For God sake you don't have meet some Richard Edwards (think about it) on the fells. Anyone who has walked with me will know how easily I manage to keep warm and consequently I can walk quite comfortably in these conditions with no jacket, hat or gloves on. Well, it was just after taking this picture that some guy decided to tell about winter walking and how ill equipped I was for the fells.
The conversation went something like this:-

me - "hello, nice day isn't it"
him - "hello, , , , are you heading back down soon"
me - "yes, I'm making my way to Braithwaite after I've been up here"
him - "I just thought I'd ask because you don't seem very well equipped to be up here on your own"
me - "hang on a second, what do you mean not very well equipped"
him - "I noticed you haven't got a jacket or a hat on and where's your map"
me (in a blunt tone) - "I don't need a map and I'm not cold. If I was cold I've got everything I'm likely to need in my bag"
him - "you know the weather can change quickly on the fells at this time of year"
me - "this isn't my first time up here you know"
him - "yes, but I come to the Lake District for two or three weekends every year so I know what I'm doing"
me - "two or three times a year, , , right, , , OK"

I was just about to turn my back on him and walk away when he asked "where do you come from"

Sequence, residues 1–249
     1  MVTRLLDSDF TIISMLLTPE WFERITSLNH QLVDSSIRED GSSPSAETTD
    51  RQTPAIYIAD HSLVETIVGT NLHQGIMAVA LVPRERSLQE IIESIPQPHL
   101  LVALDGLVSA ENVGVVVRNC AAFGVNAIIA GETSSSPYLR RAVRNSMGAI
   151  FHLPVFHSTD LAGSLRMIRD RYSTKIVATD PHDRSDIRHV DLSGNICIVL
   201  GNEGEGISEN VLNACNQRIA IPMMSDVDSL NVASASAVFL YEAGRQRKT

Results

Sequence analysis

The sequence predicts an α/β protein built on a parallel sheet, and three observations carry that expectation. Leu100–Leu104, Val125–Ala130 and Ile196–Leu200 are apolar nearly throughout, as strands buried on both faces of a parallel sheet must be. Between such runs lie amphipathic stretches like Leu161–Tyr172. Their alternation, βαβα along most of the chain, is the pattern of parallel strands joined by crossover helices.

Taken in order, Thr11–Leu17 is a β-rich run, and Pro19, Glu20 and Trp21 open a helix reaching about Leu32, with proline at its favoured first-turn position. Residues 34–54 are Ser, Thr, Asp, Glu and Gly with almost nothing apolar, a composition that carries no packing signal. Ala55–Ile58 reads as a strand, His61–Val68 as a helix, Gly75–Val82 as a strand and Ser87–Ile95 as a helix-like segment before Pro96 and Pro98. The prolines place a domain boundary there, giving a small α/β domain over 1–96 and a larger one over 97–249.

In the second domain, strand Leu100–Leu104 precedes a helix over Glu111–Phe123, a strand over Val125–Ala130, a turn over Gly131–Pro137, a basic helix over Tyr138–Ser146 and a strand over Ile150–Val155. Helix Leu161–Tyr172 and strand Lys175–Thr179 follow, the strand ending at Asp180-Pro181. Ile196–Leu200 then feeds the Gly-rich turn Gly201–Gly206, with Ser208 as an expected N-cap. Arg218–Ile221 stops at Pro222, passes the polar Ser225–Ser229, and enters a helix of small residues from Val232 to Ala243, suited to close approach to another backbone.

me - "I live here, where do you live"
him - "Ah, right, I see. So you'll know this area do you."
me - "I suppose you could say that"
him - "how often do you walk on the fells then"
me (trying to prove the point) - "two, three sometimes four times every single week"
him - "so which is the best way to get to Causey Pike from here"
me - "you are joking aren't you"
him - "no, I've never walked on these fells before"
me - "so let me get this right. A couple of minutes ago you were telling me how experienced you are and how inexperienced I must be and now you're the one asking me for directions. Sorry but I can't wait to tell everyone about this"

This time, I did turn my back on him and walk away. A Richard Edward if ever there was one!!!

On top of Outerside now and looking across Derwent Water and the central fells to Clough Head, the Dodds, Helvellyn & co.


A close up of High Seat, Helvellyn Lower Man, Helvellyn and the pointed Catstye Cam.

Great Mell Fell in front of the Pennines.

Walking across Low Moss towards Stile End.

Causey Pike, taken shortly before the sun disappeared below the skyline.

Another close up, this one showing a busy Cat Bells summit in front of Seat Sandal.

Binsey (Binsa).

With the sun being so low at this time of year it's difficult (but not impossible) to do a decent length walk without spending at least some time walking in the shade, and today I seem to have spent an awful lot of time out of the sunshine. Yes, you could argue that it was my own fault for walking the route I took today, and perhaps you'd be right. To make myself feel better, I blame the person who blocked my car in. A big consolation was the walk across Scar Crags, Causey Pike and the section on Outerside which were just magical.

David Hall -
Lake District Walks